Cash Goeppert’s condition makes speech not always forthcoming or understandable, but on Sunday morning he had a clear directive for his dad Cameron: “Go faster.”
Sunday was the first day Cash and his Turlock family got to take his new wheelchair — a replica of a remote-controlled Bigfoot truck — out for a spin and the experience was an overwhelming success.
“My mind is blown away right now,” said Cameron Goeppert. “This is way above and beyond what we were thinking.”
Cash has spinal muscular atrophy, which is a neuromuscular disease that causes muscle atrophy and weakness. It’s caused by a defect in the Survival Motor Neuron 1 gene. As a result of SMA, muscle movements are drastically limited. SMA has two types and in Cash’s case of Type 1, tasks such as swallowing, breathing and holding his head up are met with extreme difficulty.
Cash got his new ride from Magic Wheelchair, a nonprofit organization that has the goal of putting “a smile on the face of every child in a wheelchair by transforming their wheelchairs into awesomeness created by our hands and their imaginations.” The organization funds the entire build and relies on volunteers to get the project completed.
Cash’s mom Ashley saw a news item about the organization and set about seeing if it would work for her son.
“When I first asked Cash about it, he said he wanted a pirate ship, Santa’s sleigh or a Bigfoot truck. In the end it was the Bigfoot that really captured Cash’s interest.”
He also had two requests: he wanted it to be blue and orange and have working lights. Both requests were met.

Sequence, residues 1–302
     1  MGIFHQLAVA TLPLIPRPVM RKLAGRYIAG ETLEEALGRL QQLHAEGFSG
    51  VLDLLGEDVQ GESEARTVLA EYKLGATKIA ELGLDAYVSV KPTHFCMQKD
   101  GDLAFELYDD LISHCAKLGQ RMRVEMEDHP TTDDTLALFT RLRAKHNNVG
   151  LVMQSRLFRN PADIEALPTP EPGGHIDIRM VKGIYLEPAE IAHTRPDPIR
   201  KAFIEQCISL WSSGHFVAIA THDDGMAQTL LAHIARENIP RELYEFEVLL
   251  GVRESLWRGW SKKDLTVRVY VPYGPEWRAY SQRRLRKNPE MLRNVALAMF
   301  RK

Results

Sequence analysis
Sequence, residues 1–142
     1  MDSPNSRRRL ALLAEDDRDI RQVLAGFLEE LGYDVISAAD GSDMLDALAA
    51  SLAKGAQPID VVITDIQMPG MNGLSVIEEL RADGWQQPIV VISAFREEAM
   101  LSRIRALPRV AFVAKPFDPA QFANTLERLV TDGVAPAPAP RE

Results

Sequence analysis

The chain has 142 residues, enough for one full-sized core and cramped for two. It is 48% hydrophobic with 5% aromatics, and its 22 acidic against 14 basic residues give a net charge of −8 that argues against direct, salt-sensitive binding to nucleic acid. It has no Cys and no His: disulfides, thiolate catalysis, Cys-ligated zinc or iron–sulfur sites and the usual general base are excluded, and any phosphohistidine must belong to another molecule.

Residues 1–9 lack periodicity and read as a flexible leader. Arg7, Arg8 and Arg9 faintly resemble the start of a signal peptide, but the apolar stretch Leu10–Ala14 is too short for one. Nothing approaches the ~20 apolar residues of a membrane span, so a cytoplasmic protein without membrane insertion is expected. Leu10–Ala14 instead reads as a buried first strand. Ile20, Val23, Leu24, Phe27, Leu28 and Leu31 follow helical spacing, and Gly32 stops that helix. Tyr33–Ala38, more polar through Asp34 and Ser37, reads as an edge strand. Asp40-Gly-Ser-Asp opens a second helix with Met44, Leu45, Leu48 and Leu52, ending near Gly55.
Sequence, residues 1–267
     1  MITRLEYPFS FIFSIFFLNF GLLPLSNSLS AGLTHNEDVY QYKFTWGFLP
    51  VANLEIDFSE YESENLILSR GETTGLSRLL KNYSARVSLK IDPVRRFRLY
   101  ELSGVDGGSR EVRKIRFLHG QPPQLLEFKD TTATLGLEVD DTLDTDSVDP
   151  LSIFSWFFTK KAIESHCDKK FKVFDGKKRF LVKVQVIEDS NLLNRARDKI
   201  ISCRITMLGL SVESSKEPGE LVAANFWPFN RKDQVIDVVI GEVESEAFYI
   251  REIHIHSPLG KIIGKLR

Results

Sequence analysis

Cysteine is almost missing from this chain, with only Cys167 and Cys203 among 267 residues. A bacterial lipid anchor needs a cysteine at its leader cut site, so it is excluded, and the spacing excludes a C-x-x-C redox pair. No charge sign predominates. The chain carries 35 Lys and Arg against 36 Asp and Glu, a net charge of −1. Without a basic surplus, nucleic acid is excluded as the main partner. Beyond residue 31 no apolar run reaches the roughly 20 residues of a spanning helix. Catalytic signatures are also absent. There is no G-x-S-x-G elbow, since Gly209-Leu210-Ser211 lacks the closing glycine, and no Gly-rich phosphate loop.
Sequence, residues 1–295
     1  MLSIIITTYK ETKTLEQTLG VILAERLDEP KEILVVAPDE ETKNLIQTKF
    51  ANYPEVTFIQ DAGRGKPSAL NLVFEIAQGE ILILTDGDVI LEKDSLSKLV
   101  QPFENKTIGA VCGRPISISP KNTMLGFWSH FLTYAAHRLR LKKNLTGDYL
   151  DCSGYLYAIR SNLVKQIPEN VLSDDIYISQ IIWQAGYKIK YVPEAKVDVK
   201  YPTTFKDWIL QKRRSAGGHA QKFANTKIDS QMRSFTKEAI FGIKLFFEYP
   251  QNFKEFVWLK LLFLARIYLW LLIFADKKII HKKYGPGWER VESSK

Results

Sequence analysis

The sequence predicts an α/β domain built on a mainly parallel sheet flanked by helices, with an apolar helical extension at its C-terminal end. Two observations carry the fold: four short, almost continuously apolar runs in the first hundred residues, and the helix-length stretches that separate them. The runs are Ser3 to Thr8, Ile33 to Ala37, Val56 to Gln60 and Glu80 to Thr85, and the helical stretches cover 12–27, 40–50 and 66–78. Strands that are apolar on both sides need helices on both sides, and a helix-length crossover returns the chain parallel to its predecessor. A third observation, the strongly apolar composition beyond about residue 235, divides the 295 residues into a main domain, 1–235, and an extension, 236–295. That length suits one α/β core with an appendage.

Actually making the wheelchair was the task of teacher Scott Myers and his family and students.
Myers heard about the Magic Wheelchair program while speaking at a conference about his mask-making class as part of the be.next video design academy at the Lathrop High School campus. The academy is part of the be.tech charter.
The project instantly appealed to Myers’ creative side and he joined the organization in August. By September he was partnered with the Goepperts and sketching out the design.
Five of Myers’ students would spend two hours after school every Friday helping on the project.
All total about 220 hours went into the project. It weighs about 40 pounds and is capable of being folded down for easy transport. The giant tires are made of a special foam with a resin painted over it to give it the look of real tires.
This last week the students were on vacation, so Myers’ wife Jennifer and their three children — Porter, Evan and Caden stepped in to make sure it was all done by Sunday morning.
The process of making it proved to be much more meaningful for Myers and his students than any other they had undertaken in the classroom.
“What we did here was bigger than me or the program,” Myers said. “It was great that we were able to take the tools here and the skills we have and create something special for a family that really deserves it. And he’s going to have the best costume on his block.”